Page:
Given the impossibility of one central bank managing the economies of a diverse and fractured...


Given the impossibility of one central bank managing the economies of a diverse and fractured continent, Bloomberg's Matthew Lynn says the euro is doomed.
Comments (19)
  • Tony Petroski
    , contributor
    Comments (6356) | Send Message
     
    "...Given the impossibility of one central bank managing the economies of a diverse and fractured continent,"

     

    diverse--thinking about that one.

     

    fractured?

     

    Who is the novelist?

     

    Oh. sorry...the Euro...
    16 Nov 2010, 06:59 PM Reply Like
  • Drew Arnold
    , contributor
    Comments (197) | Send Message
     
    Agreed. The efficiencies that the euro creates involving trade appear to be outweighed by the inefficiencies the euro creates by having countries with different levels of development and different economic models being put under the same monetary policy.
    16 Nov 2010, 07:01 PM Reply Like
  • Donald Ingram
    , contributor
    Comments (3481) | Send Message
     
    I would not be too fast in writing the Euro off. As Mark Twain once sagely put; "the reports of my death have been greatly exaggerated."
    16 Nov 2010, 07:17 PM Reply Like
  • BetTheHouse
    , contributor
    Comments (147) | Send Message
     
    Sorry to break it to you, but Mark Twain is definately dead. The 1897 New York Journal obituary he was talking about just happened to be slightly premature.
    16 Nov 2010, 07:58 PM Reply Like
  • greenzulu
    , contributor
    Comments (205) | Send Message
     
    Yes, and reports of the Euro's demise are premature as well. In time, it may not survive, but the European Union -- French and Germans included -- are too committed to let it disappear.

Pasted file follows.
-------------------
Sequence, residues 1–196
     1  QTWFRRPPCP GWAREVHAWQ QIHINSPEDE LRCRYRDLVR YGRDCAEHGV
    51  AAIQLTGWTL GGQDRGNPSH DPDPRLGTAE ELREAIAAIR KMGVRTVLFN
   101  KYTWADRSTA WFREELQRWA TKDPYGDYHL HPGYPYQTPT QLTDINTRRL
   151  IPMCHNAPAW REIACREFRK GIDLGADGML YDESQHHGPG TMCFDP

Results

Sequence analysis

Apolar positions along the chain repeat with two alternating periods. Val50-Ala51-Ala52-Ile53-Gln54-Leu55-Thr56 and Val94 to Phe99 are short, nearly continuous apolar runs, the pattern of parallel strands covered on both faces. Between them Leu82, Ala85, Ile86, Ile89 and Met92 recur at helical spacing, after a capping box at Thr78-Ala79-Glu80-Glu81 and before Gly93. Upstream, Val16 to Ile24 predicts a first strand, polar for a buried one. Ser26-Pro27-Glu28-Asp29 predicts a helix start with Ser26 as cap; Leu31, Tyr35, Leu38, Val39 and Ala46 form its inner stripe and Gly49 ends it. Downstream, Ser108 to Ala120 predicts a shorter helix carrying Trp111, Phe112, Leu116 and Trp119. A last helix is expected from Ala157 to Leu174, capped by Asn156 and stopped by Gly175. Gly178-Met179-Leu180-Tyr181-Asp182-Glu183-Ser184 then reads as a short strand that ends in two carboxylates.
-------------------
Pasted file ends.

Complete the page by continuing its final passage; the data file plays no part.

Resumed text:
Committed? Who do you think owns all those bonds? Germans, for example, are by far the largest holders of Spanish bonds. Think they want to be paid back in pesetas? And the French? Same boat, including Portuguese debt. Yeah, in time, the Eurozone will modify it's currency regime, but if you look at the U.S. current account deficit, with near-70% of GDP being spent on consumption, you wouldn't be so quick to go long the dollar vs. Euro.
    16 Nov 2010, 11:44 PM Reply Like
  • Gary Jakacky
    , contributor
    Comments (2946) | Send Message
     
    Destroying the Euro should be part and parcel of US economic and foreign policy. Europe is a morally, fiscally, and militarily bankrupt region coasting on American military might, Russian natural gas, and cheap illegal Islamic labor getting more expensive by the day.
    16 Nov 2010, 07:29 PM Reply Like
  • Furioso
    , contributor
    Comments (25) | Send Message
     
    Tell us how you really feel
    16 Nov 2010, 07:36 PM Reply Like
  • SaBiN
    , contributor
    Comments (37) | Send Message
     
    Good one trainingwheelboy! Get back to the books and look where destroying other places around the world has gotten us. Ohhh.. and don’t forget how great it will be for the American people once Europe is destroyed. I’m sure your average american’t will be doing really well after that.
    16 Nov 2010, 08:10 PM Reply Like
  • Bill S. Friend
    , contributor
    Comments (715) | Send Message
     
    The demise of the Euro clearly spells disaster for the dollar.
    16 Nov 2010, 09:54 PM Reply Like
  • The Geoffster
    , contributor
    Comments (4291) | Send Message
     
    The NYT called the euro a currency in search of a nation. It was an idea built on a dream.
    16 Nov 2010, 08:05 PM Reply Like
  • Jake Huneycutt
    , contributor
    Comments (1422) | Send Message
     
    Great article; I agree that the Euro is doomed without major reform and the author does an excellent job laying out the reasons why. However, I disagree with the notion that splitting the Euro would realistically solve the problem for the long-term.